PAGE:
Patsy O’Hara was a survivor. He grew up in Derry during some of the city’s most violent years and he was hit by a soldier’s bullet at the tender age of fourteen. He lived through that ordeal and became a fighter devoted to freeing Ireland from English rule. Patsy had a keen sense of what he thought was right and a huge streak of Irish Republicanism. This combination led him straight into the Irish National Liberation Army (INLA), a militant Irish Republican group that was dedicated to forcing the English out of Ireland by any means necessary. It also eventually led him into the H-Blocks of Long Kesh Prison where he died on this day in 1981 while on hunger strike.
Many musicians and bands have sung traditional Irish rebel songs throughout the years and one of the most powerful females to do so was Kathleen McCready Largey. She was an amazing songstress and a strong voice both inside and outside of Ireland. Her voice even graced New York’s mighty Carnegie Hall once or twice and audiences on both sides of the ocean loved her.
There are many questionable convictions and murky instances of enhanced interrogation techniques throughout British and Irish history. Few are better known than those of the Guildford Four and the Maguire Seven. Many members of these groups have written books and papers regarding their long imprisonment for crimes they never committed and the Hollywood film “In the Name of the Father” was based on their plight. Today marks the death of that innocent and determined father, Giuseppe Conlon.
Reading headlines from Ireland over the last few weeks was strange because I could have sworn I’d read them before…and I have. Hunger Strike commemorations, anger over parades, riot police protecting interlopers over residents, arson fires at community centers, the birth of new political parties, and spies in the IRA have dominated the media of late. The anger, frustration, and general sense of “what the fxck” that came with it all was a bit stronger in the last couple of weeks than it has been in much of the last few decades. The pictures, headlines, and videos gave me a sense of foreboding and a lingering confusion which kind of felt like I was having a bad flashback. Unfortunately, that was not the case.
“Who will you believe, the police or the suspects?” Justice John Donaldson is not the first judge to undermine defense lawyers with a question like that but he made this biased statement and others while he was presiding over the trial of Paul Hill, Paddy Armstrong, Carole Richardson, and Gerry Conlon – a group of Irish suspects who were also known as the Guildford Four. The highly publicized case was covered widely and all of the judge’s snide remarks and opinions were too. This pointed question for the jury was the last nail in the coffin for the Guildford Four. When their guilty verdicts came back, Donaldson wished that he could hang the suspects and went on the record saying so during sentencing. The bully judge imposed the longest sentence in the history of English law (at the time) against Paul Hill saying, “Your crime is such that life must mean life, and if the death penalty had not been abolished, you would have been executed.” The other members of the Guildford Four didn’t fare much better when the sentencing came down and in the subsequent case where many of their friends and family members were accused of bomb making (known as the Maguire Seven) similarly harsh and opinionated sentences were handed down. Donaldson had no pity for one suspect’s serious illness and another being only fourteen years of age. He just handed out lengthy sentences and cruel comments to everyone. He never backtracked from his dubious remarks even after he was heavily criticized for them. In fact, the only times he was silent during this entire ordeal were when the IRA claimed responsibility for the bombs years later, when it was proven that the police had suppressed evidence and lied throughout the trials, and when those he had so gravely threatened were declared innocent fifteen and sixteen years later, respectively. Continue reading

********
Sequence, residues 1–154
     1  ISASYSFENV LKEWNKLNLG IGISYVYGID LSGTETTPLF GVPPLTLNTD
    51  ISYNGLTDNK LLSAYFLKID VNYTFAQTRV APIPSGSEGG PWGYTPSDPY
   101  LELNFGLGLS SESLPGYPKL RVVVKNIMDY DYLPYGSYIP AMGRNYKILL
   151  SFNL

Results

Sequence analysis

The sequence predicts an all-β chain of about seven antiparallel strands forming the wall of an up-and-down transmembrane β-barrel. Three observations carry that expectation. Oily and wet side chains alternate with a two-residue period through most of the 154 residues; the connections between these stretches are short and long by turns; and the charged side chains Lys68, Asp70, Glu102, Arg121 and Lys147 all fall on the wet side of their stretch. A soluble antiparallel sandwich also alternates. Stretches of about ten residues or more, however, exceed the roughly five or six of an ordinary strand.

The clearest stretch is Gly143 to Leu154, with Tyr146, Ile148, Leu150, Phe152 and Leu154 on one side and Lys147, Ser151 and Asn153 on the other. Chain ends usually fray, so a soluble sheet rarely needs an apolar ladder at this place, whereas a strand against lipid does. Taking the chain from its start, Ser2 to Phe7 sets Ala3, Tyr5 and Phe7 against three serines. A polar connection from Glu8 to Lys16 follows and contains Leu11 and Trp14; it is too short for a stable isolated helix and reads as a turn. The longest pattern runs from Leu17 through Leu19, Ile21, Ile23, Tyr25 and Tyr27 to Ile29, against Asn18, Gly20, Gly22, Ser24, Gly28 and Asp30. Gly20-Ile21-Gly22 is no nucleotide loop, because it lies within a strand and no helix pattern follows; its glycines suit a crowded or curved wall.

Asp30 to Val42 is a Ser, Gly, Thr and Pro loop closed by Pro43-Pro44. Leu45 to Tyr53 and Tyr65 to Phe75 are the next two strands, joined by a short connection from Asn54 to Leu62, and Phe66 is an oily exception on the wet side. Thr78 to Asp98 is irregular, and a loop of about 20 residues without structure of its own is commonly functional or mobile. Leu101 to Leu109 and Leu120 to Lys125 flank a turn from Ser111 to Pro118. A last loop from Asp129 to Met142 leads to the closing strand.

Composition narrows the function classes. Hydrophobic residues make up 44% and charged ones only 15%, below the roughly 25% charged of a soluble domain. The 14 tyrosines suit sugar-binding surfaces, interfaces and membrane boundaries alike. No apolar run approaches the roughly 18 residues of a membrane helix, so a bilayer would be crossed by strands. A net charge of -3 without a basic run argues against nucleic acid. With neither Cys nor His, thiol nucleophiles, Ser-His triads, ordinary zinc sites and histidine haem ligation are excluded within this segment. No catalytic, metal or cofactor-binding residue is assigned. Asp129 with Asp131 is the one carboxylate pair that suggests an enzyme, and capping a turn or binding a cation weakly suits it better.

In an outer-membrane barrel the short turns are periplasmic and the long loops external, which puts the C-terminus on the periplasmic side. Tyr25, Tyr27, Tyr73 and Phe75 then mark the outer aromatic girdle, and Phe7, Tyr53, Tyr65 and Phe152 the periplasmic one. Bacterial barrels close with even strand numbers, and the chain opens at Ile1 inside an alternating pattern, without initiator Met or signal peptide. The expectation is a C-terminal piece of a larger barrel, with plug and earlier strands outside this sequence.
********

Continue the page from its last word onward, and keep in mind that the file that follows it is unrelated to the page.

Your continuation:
Love him or hate him, Eamon De Valera was perhaps the most influential man in Irish History, despite the fact that he was born in the United States. He helped create the political machine of modern Ireland and his influence is still being felt (and untangled) today, forty-one years after his death.
The news out of Ireland this week has been insane – so much so that I haven’t even been able to decide which story to write about or how to keep up. There’s so much going on, and it kind of makes me want to put the entire region on a time out, just so I can catch up. In case you missed some, here are just a few of the things that have been interesting me, in the last seven days alone.